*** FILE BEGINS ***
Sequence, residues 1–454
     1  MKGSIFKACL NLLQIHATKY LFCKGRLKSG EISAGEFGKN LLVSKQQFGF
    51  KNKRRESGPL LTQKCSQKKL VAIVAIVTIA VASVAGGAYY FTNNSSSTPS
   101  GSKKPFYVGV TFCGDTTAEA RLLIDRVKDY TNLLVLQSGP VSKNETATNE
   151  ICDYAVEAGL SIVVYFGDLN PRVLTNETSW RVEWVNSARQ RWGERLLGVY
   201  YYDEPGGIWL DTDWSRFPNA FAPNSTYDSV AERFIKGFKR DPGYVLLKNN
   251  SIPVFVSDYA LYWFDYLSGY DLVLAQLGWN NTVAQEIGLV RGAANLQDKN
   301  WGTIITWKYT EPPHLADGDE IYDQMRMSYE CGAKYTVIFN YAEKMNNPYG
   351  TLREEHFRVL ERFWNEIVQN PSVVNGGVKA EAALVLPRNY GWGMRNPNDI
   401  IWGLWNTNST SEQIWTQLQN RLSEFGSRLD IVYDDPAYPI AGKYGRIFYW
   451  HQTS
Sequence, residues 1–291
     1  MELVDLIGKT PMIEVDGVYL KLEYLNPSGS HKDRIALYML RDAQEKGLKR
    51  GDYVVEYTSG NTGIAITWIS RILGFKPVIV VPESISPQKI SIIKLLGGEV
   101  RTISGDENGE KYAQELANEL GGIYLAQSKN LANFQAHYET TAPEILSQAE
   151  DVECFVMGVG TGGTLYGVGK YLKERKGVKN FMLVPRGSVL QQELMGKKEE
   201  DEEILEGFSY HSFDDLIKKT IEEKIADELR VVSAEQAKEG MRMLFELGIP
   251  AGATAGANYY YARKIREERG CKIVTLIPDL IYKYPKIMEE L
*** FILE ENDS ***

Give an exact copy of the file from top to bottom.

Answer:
Sequence, residues 1–454
     1  MKGSIFKACL NLLQIHATKY LFCKGRLKSG EISAGEFGKN LLVSKQQFGF
    51  KNKRRESGPL LTQKCSQKKL VAIVAIVTIA VASVAGGAYY FTNNSSSTPS
   101  GSKKPFYVGV TFCGDTTAEA RLLIDRVKDY TNLLVLQSGP VSKNETATNE
   151  ICDYAVEAGL SIVVYFGDLN PRVLTNETSW RVEWVNSARQ RWGERLLGVY
   201  YYDEPGGIWL DTDWSRFPNA FAPNSTYDSV AERFIKGFKR DPGYVLLKNN
   251  SIPVFVSDYA LYWFDYLSGY DLVLAQLGWN NTVAQEIGLV RGAANLQDKN
   301  WGTIITWKYT EPPHLADGDE IYDQMRMSYE CGAKYTVIFN YAEKMNNPYG
   351  TLREEHFRVL ERFWNEIVQN PSVVNGGVKA EAALVLPRNY GWGMRNPNDI
   401  IWGLWNTNST SEQIWTQLQN RLSEFGSRLD IVYDDPAYPI AGKYGRIFYW
   451  HQTS
Sequence, residues 1–291
     1  MELVDLIGKT PMIEVDGVYL KLEYLNPSGS HKDRIALYML RDAQEKGLKR
    51  GDYVVEYTSG NTGIAITWIS RILGFKPVIV VPESISPQKI SIIKLLGGEV
   101  RTISGDENGE KYAQELANEL GGIYLAQSKN LANFQAHYET TAPEILSQAE
   151  DVECFVMGVG TGGTLYGVGK YLKERKGVKN FMLVPRGSVL QQELMGKKEE
   201  DEEILEGFSY HSFDDLIKKT IEEKIADELR VVSAEQAKEG MRMLFELGIP
   251  AGATAGANYY YARKIREERG CKIVTLIPDL IYKYPKIMEE L